The world today struggles somewhat with extravagance, and rightly so: when we see the super-rich riding around in gold-plated supercars we are right to be concerned, yet in the Gospel we see something strange. The head steward had a point: you serve the best wine first, while people are sober and can appreciate it. The Kingdom of God, however, turns human values on their head – the joyous new wine of the Kingdom is finer than any human wine. It is lavished upon undeserving humanity, so that it might transform us, so that we might come to share in the glory of God, and his very nature. Christ therefore becomes the true master of the feast, as He will feed humanity from the abundance of the Heavenly Wedding Feast [Revelation 19:6-9], as He will feed us here, today.

Thus, as we start this new year, we see a three-fold dawning of the Glory of God in Christ Jesus. First Our Lord’s manifestation to the Gentiles, the proclamation of the Messiah to the whole world, Then His Baptism, which shows us the way to the Father, a sign of love and obedience, and now the Wedding Feast at Cana, a sure sign of the superabundance of God’s love. It is shown to us here today in the Eucharist, where we drink the wine of the Kingdom, the Blood of Christ.This transforms us by the power and the grace of God, so that we may share his Divine life, and encourage others to enter into the joy of the Lord. Jesus is the Lamb of God who takes away the sins of the world [Jn 1:36]. He holds nothing back for love of us. He replaces the sacrificial system of the Jews, so that as both Priest [cf. Melkisedech] and Victim he may reconcile us to God.

The Wedding at Cana points to the Cross, as it is when Jesus’ hour comes, when He sheds his blood for us It removes all our shame, all the sins of humanity, so that we can enjoy forever the banquet of God’s love prepared for us in Heaven, and it is shown and foreshadowed here under the outward forms of Bread and Wine. So let us feast on the Body and Blood of Christ so that we may be transformed more and more into His likeness. Let us live out our Joy, and share it with others so that they may come to believe and give glory to God the Father, God the Son, and God the Holy Spirit, to whom be ascribed as is most right and just, all might, majesty, glory, dominion and power, now and forever.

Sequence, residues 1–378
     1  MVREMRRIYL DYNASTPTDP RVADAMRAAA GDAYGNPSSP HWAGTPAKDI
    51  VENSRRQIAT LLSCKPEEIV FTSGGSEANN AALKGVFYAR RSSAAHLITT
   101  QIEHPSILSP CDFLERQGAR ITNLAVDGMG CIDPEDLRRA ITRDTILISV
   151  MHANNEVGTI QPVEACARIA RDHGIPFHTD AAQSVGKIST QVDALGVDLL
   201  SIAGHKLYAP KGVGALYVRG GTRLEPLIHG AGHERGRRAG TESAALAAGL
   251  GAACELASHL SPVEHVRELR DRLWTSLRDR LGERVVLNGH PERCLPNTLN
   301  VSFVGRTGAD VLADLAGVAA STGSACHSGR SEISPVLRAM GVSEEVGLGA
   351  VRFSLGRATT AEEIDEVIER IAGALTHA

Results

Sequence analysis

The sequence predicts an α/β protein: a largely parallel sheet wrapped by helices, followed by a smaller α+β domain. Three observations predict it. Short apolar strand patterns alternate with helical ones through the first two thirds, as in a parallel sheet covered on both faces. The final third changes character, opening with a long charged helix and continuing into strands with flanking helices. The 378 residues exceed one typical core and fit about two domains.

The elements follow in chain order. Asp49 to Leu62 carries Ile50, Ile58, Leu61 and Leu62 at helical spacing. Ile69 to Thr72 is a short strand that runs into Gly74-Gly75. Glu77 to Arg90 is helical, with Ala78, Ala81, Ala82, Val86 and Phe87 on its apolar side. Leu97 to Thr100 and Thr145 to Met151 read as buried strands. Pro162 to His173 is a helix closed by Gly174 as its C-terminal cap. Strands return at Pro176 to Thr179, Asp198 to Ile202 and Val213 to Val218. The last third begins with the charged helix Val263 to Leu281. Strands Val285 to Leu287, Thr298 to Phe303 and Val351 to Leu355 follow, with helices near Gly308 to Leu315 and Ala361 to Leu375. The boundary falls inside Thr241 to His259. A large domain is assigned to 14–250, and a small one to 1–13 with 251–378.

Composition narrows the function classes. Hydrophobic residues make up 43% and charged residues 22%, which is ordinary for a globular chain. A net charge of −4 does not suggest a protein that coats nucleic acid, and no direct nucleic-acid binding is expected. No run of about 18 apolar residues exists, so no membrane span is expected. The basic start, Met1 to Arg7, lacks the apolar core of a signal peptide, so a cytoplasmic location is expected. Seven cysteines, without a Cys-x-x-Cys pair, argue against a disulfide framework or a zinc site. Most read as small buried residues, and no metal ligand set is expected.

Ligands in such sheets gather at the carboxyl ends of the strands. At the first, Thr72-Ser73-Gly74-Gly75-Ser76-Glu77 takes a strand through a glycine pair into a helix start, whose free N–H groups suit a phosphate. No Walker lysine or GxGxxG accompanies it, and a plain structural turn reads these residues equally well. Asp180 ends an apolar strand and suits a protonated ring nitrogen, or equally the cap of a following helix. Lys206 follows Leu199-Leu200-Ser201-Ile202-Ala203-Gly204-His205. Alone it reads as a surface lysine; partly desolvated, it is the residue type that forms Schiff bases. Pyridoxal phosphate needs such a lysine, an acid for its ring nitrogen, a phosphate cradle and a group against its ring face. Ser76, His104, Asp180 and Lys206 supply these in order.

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Epiphany 2017

Most people nowadays don’t really pay much attention to the stars in the sky. Lots of people in our modern world thanks to increased levels of light pollution barely notice them, or may just be able to point out a few constellations. If you are ever lucky enough to find yourself somewhere where the nights are dark, like say Mid Wales then on a clear night you can see something magical: the sky is covered with stars. People looked at them, named them, and studied them. They mattered, because people believed, rightly or wrongly, that events on earth and in the heavens were somehow linked. Wise Men in the East saw a conjunction of the planets Jupiter, Saturn and Mars in the constellation Pisces, which was believed to represent the Jews , which coincided with a comet moving in the sky. So, on the basis of their observations they travelled hundred of miles to Israel, the land of the Jews, and go to the royal palace in Jerusalem, to find out what is going on.

The Wise Men are told that the Messiah will be born in Bethlehem, so they travel further, in order to see something wonderful. As they come they are fulfilling the prophecy in Isaiah which is the first reading this morning. It is a sign that when God comes among us He will be seen by the nations, the Gentiles, people who are not Jews. It is the first moment when we can say with St Paul that, ‘the Gentiles have become fellow-heirs, members of the same body, and sharers in the promise in Christ Jesus through the gospel’ (Eph 3:6)

The Manifestation of Our Lord to the Gentiles, which the church celebrates today, is a deepening of the splendour of the Incarnation: what began at Christmas becomes deeper, and more wonderful. With the arrival of the Wise Men from the East, the whole World is told that God is with us. Gentiles are made co-heirs, ‘members of the same body, and partakers of the promise in Christ Jesus through the gospel’.

The promise is made through the words of the prophet Isaiah in this morning’s first reading. The light which is shown by the star which the Wise Men follow is the Light of the World, the true light. Kings and the nations come to its brightness, they come to worship God made man; they come to pay their homage to the Saviour born among them. They come with camels and bringing gold and frankincense to worship their king and their God. They come to Bethlehem, and not to a royal palace, or a throne. This is what true kingship is, true love, that of God and not of humanity.